The Not-So-Clear Parts, and Lawsuit
What’s less clear is the initial reason for the split, which seems to have happened around mid-2017, and appears to be acrimonious. Monahan only subtly referenced it in her Medium announcement, while Hemachandra said only “Alas, for reasons I cannot delve into here, our partnership had to end.”
Thickening the plot is the existence of a lawsuit between the two founders, filed December 14th 2017, in which Hemachandra is petitioning Monahan to compel her to reveal vital company records.
Lawyer Badri Natarajan (who is not connected to the case and claims to not know either party) posted his own analysis of the situation. MyEtherWallet was registered as a limited-liability company (LLC) which has since been dissolved by Monahan, who possesses all the company’s financial and registration records.
The records show the two were negotiating to hand full control of MyEtherWallet LLC to Hemachandra for $1 million USD, but that he needed to see full financial records before negotiating further. Monahan apparently refused access, and Hemachandra filed the petition to demand copies.
He Said, She Said
Bitsonline has reached out to MyCrypto and Hemachandra through various online channels for comment.
There were a few subtle digs at Hemachandra and MEW in Monahan’s Medium post. Screenshots of Github contributions showed higher and more regular numbers from Monahan, with her almost the sole contributor to the codebase after June 2017. A paragraph in her post also mused that the original MEW website could become untrustworthy:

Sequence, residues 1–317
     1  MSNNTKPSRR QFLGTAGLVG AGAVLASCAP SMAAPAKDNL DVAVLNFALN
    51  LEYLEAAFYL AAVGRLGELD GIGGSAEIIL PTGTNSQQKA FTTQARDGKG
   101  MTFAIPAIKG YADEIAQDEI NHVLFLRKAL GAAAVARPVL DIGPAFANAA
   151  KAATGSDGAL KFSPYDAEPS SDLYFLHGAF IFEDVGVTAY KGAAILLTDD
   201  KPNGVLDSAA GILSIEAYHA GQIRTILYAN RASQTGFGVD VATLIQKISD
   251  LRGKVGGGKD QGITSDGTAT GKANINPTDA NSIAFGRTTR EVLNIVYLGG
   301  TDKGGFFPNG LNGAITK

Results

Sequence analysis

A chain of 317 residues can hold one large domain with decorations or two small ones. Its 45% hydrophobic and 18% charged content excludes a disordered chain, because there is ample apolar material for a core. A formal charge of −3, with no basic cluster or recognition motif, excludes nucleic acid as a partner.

MyEtherWallet will continue to be online until it, for whatever reason, is not online. As we do for a number of products in this space, if we at any point determine the domain to be compromised, serving malicious code, or otherwise detrimental to the community, we will do what we can to warn the community and prevent use of that codebase and website.
For his part, Hemachandra noted that he created and released the initial version of MEW, bringing in his “friend, Taylor M. on board” at a later date. On Twitter, he hinted the rebranding of MEW’s Twitter account was “unlawful”:
This switch is possibly unlawful @myetherwallet is looking into this
— Kosala (@kvhnuke_) February 9, 2018
Who Was Right, and Who’s the ‘Real’ Wallet Now?
Online reaction to the situation have been mixed from various sectors of the community. Taylor Monahan (tayvano) received hostile responses on both Twitter and Reddit, and even 4chan — mainly due to the sudden name/branding change and lack of clarify, which some saw as reckless or even deceptive.
Honestly you all gotta gain the trust back… seriously was childish the way you handled everything, and have exposed a new attack vector on anyone who uses your platform.
— Whale฿earMan⚡️ (@WhaleBearMan) February 10, 2018
A tweet supportive of MyCrypto and Monahan by Boost VC co-founder Brayton Key appears to be deleted. However Key has retweeted other posts that appear to take her side, including this one:
The case highlights the complex details and “ownerships” involved in a project and what becomes of them when they split. As well as the legally-defined aspects like registered names, IP, and bank accounts, there are the intangibles like reputation, social media support, and user/employee loyalty.
How should companies handle a split in a way that retains user trust? Let’s hear your thoughts in the comments.
Images via MyCrypto, MyEtherWallet, Twitter, court docs